Released early in 2016 - Gilded - the third album by Blair Dunlop finds him in superb form. Following on from his debut Blight & Blossom and his sophomore release House Of Jacks, album number three - Gilded - shows how much Blair has developed as a songwriter and performer.
Initially bracketed in the Folk genre, Blair has worked hard over the three albums to show that he has much more in his locker. And with Gilded he has thrown off the shackles and has, (excuse the pun), 'blossomed' into a singer/songwriter more akin to his West Coast heroes such as Jackson Browne and Joni Mitchell.
The young man has even formed his own record label, Gilded Wings, (taken from his song Temper Your Smiling), on which Gilded is released.
Italy is never far away from Blair's heart and indeed the opening track, Castello, again brings a taste of sunlight into the observations of his story telling style - one aspect of his folk roots that will serve him well as his career develops in the future. Describing an encounter with a young lady on one of his tours, it's a delicious opener to an absolutely gorgeous album.
The album was recorded with very much a 'live' band vibe in Manchester's Blueprint Studios and with regular cohorts Fred Claridge on Drums & Percussion, Jacob Stoney on Keyboards and Tim Thomas on Bass.
She Won't Cry For Me rises and falls like waves on a beach as it shines a light on Blair's more romantic side as he ruminates about love and relationships - something that is never far away in his thoughts.
Courtesy of BlairDunlop.com
She Won't Cry For Me
Never scared to shy away from social comment, Blair quietly lets rip on Third World Problem, which features some lovely organ work from Jacob and focuses on today's industrial farming methods. And a sudden stop which will make you check your cd player.
It's amazing how the small everyday incidents can come to life in songs. With the jaunty 356, Blair describes a trip to a local car dealership near his now London home. The car in question is a Porsche 356 and the story is beautifully told.
Temper Your Smiling finds Blair in fine voice as his voice uses his falsetto in a pleading and epic 6 minute ballad. A key feature of the song is the splendid keyboard touches on organ and piano provided by Jacob Stoney which provides a counterpoint to the sensual, slow pace.
photo courtesy of Nick Baker
Blair also has a penchant for looking to history for subjects for his songs and next up comes Up On Cragside, about Lord William George Armstrong, the 19th Century entrepreneur. It may sound as dry as a bone but it's one of my favourite songs on the album.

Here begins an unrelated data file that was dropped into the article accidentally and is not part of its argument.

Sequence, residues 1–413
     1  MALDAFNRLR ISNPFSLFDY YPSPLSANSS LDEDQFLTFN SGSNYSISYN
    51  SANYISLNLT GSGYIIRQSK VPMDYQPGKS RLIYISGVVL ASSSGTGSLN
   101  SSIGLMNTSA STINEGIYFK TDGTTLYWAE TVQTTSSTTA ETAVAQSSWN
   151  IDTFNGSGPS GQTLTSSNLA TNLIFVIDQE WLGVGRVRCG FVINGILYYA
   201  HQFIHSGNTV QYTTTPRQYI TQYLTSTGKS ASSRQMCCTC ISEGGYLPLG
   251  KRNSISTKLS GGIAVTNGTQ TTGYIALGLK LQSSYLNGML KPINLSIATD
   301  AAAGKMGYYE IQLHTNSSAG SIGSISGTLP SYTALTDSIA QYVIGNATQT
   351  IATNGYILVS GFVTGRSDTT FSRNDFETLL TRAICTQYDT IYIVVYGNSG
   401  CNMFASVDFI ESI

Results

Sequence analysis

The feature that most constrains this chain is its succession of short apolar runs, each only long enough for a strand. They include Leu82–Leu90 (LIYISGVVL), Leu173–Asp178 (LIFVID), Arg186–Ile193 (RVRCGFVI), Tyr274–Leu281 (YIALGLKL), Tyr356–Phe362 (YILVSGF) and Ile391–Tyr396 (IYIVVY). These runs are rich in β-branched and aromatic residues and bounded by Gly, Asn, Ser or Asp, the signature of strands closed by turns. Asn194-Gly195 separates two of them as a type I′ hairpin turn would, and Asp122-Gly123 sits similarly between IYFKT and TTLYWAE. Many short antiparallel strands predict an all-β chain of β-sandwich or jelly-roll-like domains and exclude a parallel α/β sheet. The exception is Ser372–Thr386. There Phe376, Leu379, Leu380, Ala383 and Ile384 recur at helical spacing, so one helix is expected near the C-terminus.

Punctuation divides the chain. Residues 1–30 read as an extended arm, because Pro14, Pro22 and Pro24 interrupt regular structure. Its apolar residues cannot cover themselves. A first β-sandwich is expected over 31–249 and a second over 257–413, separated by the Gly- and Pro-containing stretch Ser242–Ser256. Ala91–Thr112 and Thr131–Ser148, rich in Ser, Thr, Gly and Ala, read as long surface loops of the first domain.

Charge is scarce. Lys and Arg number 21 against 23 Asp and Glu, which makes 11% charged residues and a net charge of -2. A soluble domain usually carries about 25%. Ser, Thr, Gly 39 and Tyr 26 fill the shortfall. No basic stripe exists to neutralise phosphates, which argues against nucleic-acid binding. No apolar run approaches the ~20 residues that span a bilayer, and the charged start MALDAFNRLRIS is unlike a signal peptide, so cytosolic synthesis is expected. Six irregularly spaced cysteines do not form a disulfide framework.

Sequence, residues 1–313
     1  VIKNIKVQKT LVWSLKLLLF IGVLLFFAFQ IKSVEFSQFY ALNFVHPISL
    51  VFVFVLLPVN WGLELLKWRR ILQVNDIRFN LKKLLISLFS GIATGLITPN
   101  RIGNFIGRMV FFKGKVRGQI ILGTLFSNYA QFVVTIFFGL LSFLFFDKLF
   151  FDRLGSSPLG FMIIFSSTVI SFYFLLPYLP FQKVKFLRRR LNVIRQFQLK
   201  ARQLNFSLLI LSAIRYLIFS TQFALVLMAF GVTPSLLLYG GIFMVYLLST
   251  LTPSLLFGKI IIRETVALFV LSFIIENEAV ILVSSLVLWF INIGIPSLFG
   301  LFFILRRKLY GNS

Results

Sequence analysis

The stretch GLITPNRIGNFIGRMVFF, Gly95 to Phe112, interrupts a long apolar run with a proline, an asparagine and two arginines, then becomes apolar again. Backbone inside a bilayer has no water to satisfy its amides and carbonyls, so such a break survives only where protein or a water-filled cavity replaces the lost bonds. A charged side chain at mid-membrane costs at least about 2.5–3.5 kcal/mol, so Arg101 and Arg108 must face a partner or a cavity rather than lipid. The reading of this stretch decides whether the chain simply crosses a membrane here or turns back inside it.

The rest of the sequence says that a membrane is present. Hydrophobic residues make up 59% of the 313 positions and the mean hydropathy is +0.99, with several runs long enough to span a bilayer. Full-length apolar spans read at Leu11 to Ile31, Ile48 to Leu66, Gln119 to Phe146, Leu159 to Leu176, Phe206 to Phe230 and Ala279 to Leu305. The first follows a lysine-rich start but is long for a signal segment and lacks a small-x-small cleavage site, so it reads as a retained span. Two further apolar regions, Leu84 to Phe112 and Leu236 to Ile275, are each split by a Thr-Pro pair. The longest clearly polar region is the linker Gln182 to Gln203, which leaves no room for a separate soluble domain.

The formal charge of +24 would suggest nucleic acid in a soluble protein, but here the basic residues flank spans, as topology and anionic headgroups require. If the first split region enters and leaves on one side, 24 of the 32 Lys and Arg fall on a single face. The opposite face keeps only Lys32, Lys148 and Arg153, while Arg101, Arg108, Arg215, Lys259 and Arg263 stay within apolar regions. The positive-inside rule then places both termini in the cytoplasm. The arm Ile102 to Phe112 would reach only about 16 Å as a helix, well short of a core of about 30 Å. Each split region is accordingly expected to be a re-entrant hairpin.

Up On Cragside
photo courtesy of Nick Baker
Eternal Optimist is at the moment my favourite song on the album. It's a beautiful shuffle with flourishes of piano and electric guitar against a lovely off beat which shows that Blair has more than one trick up his sleeve in his sonic explorations.
Let's Dance To Paganini is an acoustic song that Jackson Browne would be proud of and would sit well on any one of his early 70s album. It's great to see Blair looking to wider influences in his search for his own journey. One thing that gets better on each album is Blair's flair with a lyric. He's never been June, Moon, Spoon but with stories to tell and emotions to expose, it's becoming a major feature of his work.
This year, BBC Radio 2 came knocking at Blair's door as it playlisted the next song on the album, the ever so catchy, The Egoist. With a lovely three note phrase, the song hooks you and twirls you around it's delicate finger. Again, it features some lovely falsetto touches from Blair.
No Go Zones is a reaction to US news reports that parts of the UK are now 'No Go Zones' due to immigration here in the UK. And Blair doesn't pull his punches. Showing his finger picking panache, it's an iron fist of an acoustic song presented in a velvet glove. And a beautiful thing it is too. Very much in a Woody Guthrie vain.
No Go Zones
I Don't Know is another of Blair's gorgeous light and airy pleading ballads with the cymbals crashing like waves with a lovely pulsing bass running throughout the song. It almost beats like a heart. I think it's the most atmospheric track on the album and it's gone before you know it. Like a British summer.
Phoenix closes the album in style. It's a slow burner of a song which brings together all of the features of the album. Lovely electric guitar work, a touch of falsetto, throbbing bass by Tim Thomas, beautiful cymbal work from Fred Claridge and sympathetic piano work from Jacob Stoney.
I can't believe how much Blair Dunlop has grown as an artist over these three albums. And he's still very much a young man. What's he going to achieve in his later years? He has the potential to be another Jackson Browne or indeed a Leonard Cohen. I only hope I'm around sufficiently long enough to see him able to take his place up there with the best the UK has to offer. He IS that special and we should cherish him.
Twitter - @BlairDunlop